Fellowship Plans

During her Fellowship, Majesta-Doré will establish a medical-legal partnership with VCU Health System to provide wrap-around legal services to patients in the Emergency Department. In the MLP, Majesta-Doré will counsel patients on health insurance appeals, appeal improper denials of public benefits, and train medical providers to spot legal needs warranting referral. Majesta-Doré will also work with community partners to provide community education about access to care.

Social determinants of health can change the trajectory of someone’s entire life. No one should have to choose between two life essentials because they need healthcare.

Majesta-Doré Legnini /
2022 Equal Justice Works Fellow

The Project

Zach (he/him/his) will create a national pro bono network to provide legal assistance for traumatically-injured military service members who are denied recovery benefits. He will engage in community lawyering and systemic advocacy to increase access to financial assistance for these service members.

Military service members recovering from traumatic injuries often incur significant financial expenses, requiring medical services, rehabilitation, and caregiving as they recover. Many turn to the Servicemembers’ Group Life Insurance Traumatic Injury Program (TSGLI) for aid, which was established by the Department of Veterans Affairs (VA) and the Department of Defense (DoD) to provide rapid, short-term financial assistance to these service members. However, applicants for TSGLI are frequently denied access to this benefit. Subsequently, traumatically injured service members are often left to pay for their recovery out of pocket, placing them at risk of incurring financial debt or falling into poverty.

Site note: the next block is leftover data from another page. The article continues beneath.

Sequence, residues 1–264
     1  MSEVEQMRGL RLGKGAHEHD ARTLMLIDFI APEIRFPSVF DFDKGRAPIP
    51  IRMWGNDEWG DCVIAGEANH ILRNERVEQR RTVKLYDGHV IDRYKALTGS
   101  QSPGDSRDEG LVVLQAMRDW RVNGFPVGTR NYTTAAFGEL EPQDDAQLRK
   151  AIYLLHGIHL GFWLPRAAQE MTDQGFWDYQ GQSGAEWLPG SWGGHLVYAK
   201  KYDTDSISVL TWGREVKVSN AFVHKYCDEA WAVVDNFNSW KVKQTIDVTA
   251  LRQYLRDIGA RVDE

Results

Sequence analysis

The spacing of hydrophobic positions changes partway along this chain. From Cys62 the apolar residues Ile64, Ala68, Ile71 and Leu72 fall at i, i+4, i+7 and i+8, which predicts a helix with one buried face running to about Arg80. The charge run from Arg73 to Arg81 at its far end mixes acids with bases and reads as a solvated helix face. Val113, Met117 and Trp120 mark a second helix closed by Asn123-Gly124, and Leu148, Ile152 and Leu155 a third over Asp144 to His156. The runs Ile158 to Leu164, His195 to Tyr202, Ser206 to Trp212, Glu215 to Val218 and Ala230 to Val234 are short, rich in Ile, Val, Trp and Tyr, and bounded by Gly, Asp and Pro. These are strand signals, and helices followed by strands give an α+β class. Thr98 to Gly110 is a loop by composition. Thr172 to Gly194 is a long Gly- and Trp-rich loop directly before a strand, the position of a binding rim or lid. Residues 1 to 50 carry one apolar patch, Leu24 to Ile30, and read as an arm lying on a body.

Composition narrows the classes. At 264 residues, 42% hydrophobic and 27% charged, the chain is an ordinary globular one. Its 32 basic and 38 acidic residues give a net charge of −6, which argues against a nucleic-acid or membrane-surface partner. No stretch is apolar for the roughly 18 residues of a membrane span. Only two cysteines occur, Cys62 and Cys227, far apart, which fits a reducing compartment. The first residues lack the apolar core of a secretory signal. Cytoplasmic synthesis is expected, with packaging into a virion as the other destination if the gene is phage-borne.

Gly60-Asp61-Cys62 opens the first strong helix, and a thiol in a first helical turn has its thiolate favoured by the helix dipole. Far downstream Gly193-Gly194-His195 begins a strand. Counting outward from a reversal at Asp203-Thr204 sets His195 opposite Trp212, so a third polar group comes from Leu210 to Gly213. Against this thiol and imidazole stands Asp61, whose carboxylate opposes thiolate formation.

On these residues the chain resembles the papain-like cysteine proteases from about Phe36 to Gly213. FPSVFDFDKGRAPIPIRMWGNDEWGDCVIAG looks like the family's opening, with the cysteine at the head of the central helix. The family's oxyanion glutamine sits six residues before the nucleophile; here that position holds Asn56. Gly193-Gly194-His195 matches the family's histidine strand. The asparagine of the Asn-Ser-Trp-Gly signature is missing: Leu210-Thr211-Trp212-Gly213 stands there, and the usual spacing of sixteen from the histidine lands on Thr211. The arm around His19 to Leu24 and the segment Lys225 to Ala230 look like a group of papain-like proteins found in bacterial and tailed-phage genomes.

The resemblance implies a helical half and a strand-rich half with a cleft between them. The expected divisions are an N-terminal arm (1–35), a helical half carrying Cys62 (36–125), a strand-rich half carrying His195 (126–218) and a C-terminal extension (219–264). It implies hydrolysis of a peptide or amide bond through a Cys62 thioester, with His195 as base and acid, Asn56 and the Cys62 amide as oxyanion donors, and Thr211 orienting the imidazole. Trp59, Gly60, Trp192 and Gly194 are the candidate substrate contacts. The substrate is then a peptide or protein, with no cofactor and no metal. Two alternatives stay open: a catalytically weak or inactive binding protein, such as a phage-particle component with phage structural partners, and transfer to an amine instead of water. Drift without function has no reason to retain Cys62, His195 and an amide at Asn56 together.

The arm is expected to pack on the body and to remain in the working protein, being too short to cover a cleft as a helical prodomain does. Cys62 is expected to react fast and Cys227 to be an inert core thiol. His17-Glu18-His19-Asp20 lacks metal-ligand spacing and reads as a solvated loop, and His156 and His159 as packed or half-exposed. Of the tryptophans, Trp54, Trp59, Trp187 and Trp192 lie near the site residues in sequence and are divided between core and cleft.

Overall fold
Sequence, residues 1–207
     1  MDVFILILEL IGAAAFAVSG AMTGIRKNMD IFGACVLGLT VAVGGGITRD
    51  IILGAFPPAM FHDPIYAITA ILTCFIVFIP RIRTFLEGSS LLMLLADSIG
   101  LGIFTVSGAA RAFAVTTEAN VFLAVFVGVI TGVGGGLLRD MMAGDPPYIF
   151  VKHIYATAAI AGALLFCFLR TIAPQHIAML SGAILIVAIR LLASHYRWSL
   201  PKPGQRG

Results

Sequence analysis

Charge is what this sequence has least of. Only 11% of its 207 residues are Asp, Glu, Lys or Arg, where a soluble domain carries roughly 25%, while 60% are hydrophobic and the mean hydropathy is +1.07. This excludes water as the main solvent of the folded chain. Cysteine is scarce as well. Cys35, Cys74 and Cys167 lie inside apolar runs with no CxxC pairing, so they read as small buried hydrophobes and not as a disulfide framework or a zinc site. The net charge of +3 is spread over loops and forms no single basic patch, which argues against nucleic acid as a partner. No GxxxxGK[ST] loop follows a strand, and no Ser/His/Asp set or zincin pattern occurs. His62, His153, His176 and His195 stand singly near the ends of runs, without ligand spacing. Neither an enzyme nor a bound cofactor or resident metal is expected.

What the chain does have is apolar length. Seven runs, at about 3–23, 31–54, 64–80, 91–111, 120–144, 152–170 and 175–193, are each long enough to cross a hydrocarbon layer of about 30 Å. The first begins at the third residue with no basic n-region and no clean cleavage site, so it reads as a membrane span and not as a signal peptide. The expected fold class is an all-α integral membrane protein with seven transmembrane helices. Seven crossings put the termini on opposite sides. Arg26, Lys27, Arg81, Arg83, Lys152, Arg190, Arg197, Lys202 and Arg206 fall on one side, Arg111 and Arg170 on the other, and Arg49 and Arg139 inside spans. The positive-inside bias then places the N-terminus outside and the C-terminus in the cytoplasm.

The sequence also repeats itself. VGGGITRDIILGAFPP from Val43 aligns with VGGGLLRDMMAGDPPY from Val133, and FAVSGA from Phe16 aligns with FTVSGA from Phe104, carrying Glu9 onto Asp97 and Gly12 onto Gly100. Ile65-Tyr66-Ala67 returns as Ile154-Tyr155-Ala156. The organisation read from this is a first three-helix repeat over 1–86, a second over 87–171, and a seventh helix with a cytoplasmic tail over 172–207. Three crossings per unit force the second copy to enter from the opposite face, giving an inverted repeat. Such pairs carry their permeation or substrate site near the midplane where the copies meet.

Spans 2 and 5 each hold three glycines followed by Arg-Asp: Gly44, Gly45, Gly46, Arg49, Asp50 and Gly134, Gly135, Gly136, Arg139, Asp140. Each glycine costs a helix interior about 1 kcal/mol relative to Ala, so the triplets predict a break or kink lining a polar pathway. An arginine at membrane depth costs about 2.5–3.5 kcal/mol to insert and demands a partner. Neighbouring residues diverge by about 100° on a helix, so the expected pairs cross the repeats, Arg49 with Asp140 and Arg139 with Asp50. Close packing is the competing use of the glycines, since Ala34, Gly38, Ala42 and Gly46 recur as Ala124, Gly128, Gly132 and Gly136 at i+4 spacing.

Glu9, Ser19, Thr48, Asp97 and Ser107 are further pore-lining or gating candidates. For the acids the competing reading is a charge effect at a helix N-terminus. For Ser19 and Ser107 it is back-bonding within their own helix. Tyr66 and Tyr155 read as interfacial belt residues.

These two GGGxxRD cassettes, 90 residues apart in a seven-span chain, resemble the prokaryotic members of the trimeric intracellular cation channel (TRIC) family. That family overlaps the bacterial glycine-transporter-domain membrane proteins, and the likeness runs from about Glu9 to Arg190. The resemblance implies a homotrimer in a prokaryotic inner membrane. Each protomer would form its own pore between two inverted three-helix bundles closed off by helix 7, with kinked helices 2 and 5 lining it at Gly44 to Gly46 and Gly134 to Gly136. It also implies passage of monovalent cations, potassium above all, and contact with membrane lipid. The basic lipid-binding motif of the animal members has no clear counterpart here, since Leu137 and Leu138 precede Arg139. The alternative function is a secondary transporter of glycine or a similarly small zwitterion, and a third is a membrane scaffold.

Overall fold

Fellowship Plans

Through the National Veterans Legal Services Program (NVLSP)’s Lawyers Serving Warriors® (LSW) program, Zach will create the first-of-its-kind national pro bono network for legal assistance with TSGLI claims and appeals. He will train pro bono attorneys on TSGLI claim representation, place claimants seeking assistance with these volunteers, and mentor pro bono advocates as they assist TSGLI claimants. Zach will also employ a community lawyering model to reach traumatically injured service members by conducting Know-Your-Rights presentations, developing educational resources on TSGLI applications, and hosting legal clinics for TSGLI claim assistance. He will also increase access to TSGLI benefits by using administrative and legislative avenues to engage in systemic advocacy.

As a survivor of trauma and a family member to six Army veterans, I know firsthand the difficulties of healing from trauma and how acute those difficulties can be for our nation’s veterans. That lived experience has motivated me to fight disabled poverty in traumatically injured servicemembers and empower them as they heal.

Zach Outzen /
2022 Equal Justice Works Fellow

The Project

Ndome (she/her/hers) will expand access to maternal healthcare for low-income pregnant people and women of color by addressing legal barriers to midwifery care through impact litigation, policy advocacy, legal research, and community education.